Will Child Care Survive Budget Crunch?

by Lisa Garcia-Gray on April 20, 2004

Over 200 folks rally in support of San Francisco’s Children youth and Families

“I’m afraid your only option is to go back on welfare if you want to get child care subsidies” As I heard my advocates’ voice on the telephone illustrating the impossible position of working poor parents like me, I clenched my teeth in pain.

No, she was right, there really was nothing else I could do, and yet, right now, I couldn’t even do that cause on paper I made too much money receiving a meager stipend for the parttime care of a disabled parent. So for now no child care, no work and ongoing poverty were my reality.

” There are no sacred cows – this is a difficult year, what with state and federal budget cuts” Gavin Newsom called out to my question of what the future of poor families in San Francisco would look like over the din of over 200 youth and families gathered at City Hall Plaza on April 15th for a rally to save San Francisco’s children from the deep cuts proposed by both state and local budgets. The rally was called by Coleman Advocates and proceeded open door sessions with all of the San Francisco Supervisors and testimony in front of the Budget committee.

“This is a very difficult budget year in San Francisco, what with the cuts from Sacramento, we are hoping that even if we have to make cuts this year to children’s services, it will get better after this year” Newsom spoke into my microphone with a fixed politician’s gaze and then turned away, never to look back at me again. My son, hanging on to my shoulder, and I folded back into the bulbous crowd, Newsom’s security guard whisked me away as I tried to get more clarification to his last statement.

I have to admit as a formerly homeless resident of San Francisco, I have trouble believing anything Newsom says, much-less any promises by him to “do the right thing” but as very low-income single parent, I am, along with all the other advocates and families hoping that he in fact , does the right thing. In this budget year that would mean staving off the following proposed cuts; increased co-payments for health care, reduction in school based services, the loss of respite care for disabled children, and of course in my opinion one of the worst cuts of all; drastic reduction in the meager child care subsidies that exist now.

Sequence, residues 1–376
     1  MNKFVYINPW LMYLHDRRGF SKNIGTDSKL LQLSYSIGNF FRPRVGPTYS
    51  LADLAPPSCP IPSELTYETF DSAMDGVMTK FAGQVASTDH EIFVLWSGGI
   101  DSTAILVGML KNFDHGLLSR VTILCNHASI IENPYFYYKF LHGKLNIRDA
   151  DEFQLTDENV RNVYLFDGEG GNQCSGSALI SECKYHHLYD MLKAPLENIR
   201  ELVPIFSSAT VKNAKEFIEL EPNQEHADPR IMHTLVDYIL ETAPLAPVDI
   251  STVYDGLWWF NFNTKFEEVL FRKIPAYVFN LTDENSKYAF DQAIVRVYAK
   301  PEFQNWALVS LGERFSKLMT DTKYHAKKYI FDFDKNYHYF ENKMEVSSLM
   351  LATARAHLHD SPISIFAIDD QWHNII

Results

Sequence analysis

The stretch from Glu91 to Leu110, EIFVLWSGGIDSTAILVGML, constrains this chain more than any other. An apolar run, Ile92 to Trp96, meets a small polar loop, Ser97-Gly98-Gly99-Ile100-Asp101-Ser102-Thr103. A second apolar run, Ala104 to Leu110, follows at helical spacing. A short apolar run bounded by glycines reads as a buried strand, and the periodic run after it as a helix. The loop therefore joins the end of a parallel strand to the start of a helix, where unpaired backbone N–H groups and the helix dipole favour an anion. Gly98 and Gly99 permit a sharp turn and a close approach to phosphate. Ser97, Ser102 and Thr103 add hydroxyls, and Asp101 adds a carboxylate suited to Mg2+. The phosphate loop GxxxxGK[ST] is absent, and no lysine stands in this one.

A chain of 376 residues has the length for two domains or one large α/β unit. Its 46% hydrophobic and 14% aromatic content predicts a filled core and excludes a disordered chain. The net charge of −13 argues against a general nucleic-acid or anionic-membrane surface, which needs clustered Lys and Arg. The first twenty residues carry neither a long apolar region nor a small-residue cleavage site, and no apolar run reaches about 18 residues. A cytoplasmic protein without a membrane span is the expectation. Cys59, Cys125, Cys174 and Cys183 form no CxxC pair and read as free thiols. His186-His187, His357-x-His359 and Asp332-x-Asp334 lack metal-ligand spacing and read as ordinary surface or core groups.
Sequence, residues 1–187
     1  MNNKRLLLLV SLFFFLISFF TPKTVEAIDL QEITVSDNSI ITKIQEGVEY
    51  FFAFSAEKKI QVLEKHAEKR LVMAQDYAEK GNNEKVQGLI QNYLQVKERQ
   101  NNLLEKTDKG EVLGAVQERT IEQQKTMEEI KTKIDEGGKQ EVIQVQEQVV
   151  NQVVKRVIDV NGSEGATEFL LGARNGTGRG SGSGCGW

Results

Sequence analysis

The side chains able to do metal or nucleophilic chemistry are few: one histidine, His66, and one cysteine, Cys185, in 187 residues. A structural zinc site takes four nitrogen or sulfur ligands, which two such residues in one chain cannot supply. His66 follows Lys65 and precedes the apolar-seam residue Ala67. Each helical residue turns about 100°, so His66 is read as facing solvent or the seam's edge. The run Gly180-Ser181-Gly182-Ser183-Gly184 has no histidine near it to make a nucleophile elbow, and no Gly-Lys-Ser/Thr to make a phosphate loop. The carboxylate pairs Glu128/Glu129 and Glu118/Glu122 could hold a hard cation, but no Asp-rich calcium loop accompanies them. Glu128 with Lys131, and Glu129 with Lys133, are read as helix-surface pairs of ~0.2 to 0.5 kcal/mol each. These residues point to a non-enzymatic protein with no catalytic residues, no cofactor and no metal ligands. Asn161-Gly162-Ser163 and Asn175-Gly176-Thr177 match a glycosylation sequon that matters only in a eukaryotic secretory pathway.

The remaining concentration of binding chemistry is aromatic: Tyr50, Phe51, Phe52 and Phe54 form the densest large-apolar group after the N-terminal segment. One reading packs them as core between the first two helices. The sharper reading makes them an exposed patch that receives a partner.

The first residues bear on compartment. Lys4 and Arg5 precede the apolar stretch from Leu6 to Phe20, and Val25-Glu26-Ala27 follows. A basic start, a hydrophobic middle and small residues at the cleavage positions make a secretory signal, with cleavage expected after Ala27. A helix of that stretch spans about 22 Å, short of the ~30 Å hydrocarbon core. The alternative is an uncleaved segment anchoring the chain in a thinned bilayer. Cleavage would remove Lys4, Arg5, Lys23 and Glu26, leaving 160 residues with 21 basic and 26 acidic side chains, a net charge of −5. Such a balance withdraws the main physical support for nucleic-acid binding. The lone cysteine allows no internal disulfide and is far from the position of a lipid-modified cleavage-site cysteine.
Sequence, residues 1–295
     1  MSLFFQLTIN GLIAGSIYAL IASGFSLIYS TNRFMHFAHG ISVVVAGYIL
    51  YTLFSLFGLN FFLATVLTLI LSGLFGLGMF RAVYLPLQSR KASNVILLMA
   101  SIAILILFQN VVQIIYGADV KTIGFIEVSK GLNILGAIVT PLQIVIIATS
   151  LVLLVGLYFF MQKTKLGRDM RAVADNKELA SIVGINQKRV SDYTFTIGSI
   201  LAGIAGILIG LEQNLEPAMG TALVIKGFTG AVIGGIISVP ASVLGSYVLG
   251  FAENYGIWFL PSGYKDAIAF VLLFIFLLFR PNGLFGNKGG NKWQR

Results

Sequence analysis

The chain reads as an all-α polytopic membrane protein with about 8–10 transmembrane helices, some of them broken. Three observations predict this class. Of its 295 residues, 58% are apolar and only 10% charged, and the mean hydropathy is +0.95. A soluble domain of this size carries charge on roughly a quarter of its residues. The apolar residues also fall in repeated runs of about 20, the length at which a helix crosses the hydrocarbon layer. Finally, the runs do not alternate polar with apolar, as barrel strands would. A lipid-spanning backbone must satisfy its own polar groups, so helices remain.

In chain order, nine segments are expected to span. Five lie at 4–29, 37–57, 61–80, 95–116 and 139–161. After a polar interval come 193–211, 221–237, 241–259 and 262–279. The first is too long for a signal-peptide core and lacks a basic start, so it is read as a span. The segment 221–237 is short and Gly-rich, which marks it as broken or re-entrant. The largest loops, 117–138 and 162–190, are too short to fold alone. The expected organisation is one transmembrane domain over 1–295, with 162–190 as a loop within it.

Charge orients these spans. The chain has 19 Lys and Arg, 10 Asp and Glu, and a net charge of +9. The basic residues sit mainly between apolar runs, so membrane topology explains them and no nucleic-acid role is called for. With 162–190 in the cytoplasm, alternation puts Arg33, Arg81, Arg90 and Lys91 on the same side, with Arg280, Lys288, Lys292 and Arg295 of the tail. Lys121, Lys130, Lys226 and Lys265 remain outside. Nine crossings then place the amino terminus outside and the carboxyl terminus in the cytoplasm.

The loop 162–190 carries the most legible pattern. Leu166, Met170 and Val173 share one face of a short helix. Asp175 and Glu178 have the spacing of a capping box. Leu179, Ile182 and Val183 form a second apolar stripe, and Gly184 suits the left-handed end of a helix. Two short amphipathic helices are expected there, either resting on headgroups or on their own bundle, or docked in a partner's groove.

The City’s licensed child care system provides care for more than 20,000 children in low and moderate income families every day. Schwarzeneggers proposed cuts include rate reductions for child care providers caring for low-income children, reduced access for working families, higher fees and co-payments for low-income parents and elimination of subsidies for 11 and 12 year olds. In the end what this all means is it will be even more difficult for poor parents like myself to get up and out of poverty, but what it really means is more poor parents resorting to underground economies just to stay alive and leaving their children in cars and houses alone and/ or in other unsafe situations if they want to work at all.

The Child Care Planning & Advisory Council (CPAC) in partnership with the Department of Human Services conducted a detailed analysis of child care budgetary proposals and created specific recommendations which included the establishment of a child care reserve fund – this is would be very critical in light of the other cuts to the current TANF program. This is one of the things we are asking Newsom to establish.

There were many other speakers at the rally,both children and adults, from Tom Ammiano, voted Supervisor of the year for Kids, to the great Jeff Adachi, our Public Defender, but I think Supervisor Sophie Maxwell’s statement best summed up the day for me, “We need to support our families cause without our children, what kind of a city would San Francisco be?”

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